The Golden Chain

In Genesis 41:38,  Pharaoh asks his couturiers, הֲנִמְצָ֣א כָזֶ֔ה אִ֕ישׁ אֲשֶׁ֛ר ר֥וּחַ אֱלֹהִ֖ים בּֽוֹ׃

Could we find another like him, a man in whom is the spirit of God?

The first part of this question has been asked countless times in the wake of the imminent departure of the person who seems to be irreplaceable.

The truth is, of course, that there are no irreplaceable people. The uniqueness of the combination of human and business qualities that every one of us possesses does not mean that the other person cannot perform our job with the same and even superior quality. We would like to think ourselves irreplaceable since this strokes our ego. The truth is, that every one of us is good for the very particular moment and situation. Joseph, the crisis intervention manager, might have been not so well-suited to the daily grind of the peaceful period of prosperity.

Abarbanel in his commentary berates Pharaoh for making the hasty on-the-spot HR decisions before getting to know Joseph better, “…why did he raise him before the thing was tested? And he also [prematurely] gave him a wife from the notables of the land.” Could not agree more.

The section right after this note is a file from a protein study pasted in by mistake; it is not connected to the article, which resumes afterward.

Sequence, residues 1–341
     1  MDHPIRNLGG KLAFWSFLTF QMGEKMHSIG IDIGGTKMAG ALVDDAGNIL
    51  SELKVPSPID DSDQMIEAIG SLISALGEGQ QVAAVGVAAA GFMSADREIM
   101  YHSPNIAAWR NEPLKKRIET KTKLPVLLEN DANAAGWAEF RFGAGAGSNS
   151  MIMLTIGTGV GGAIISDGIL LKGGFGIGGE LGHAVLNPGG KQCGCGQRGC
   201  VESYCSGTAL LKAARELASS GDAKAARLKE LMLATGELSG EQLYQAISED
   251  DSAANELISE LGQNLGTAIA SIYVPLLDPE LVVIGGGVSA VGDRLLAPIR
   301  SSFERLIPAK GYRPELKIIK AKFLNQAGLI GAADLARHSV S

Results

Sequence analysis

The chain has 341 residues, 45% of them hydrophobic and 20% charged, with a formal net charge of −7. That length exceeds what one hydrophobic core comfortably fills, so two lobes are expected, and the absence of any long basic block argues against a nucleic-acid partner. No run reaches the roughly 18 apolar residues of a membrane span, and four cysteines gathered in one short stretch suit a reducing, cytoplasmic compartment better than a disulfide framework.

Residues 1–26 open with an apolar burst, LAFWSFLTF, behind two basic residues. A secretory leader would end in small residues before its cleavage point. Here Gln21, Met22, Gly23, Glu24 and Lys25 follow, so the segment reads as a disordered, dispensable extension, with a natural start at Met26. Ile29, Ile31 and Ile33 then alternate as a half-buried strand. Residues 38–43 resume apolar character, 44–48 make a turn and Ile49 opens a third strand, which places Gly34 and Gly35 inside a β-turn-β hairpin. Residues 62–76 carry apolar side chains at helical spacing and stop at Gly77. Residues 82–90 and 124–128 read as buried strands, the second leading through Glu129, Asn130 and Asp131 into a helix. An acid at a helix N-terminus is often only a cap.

The trend of appointing the dream interpreters to the chief executive positions continues in the Book of Daniel, where Daniel, unlike Joseph before him, at least tries to politely decline the offer. However, the golden chain is already put upon the necks of those two. It’s only a matter of time when, according to a famous Russian proverb, the affection of your boss is bound to turn into a rage.

About the Author
Nelly Shulman is a journalist and writer currently based in Berlin. She is an author of four popular historical novels in the Russian language. She is working on the fifth novel in this series and on her first English-language novel, a historical thriller set during the Siege of Leningrad. She a Hawthornden Fellow and an alumna of the Nachum Goldmann Fellowship.
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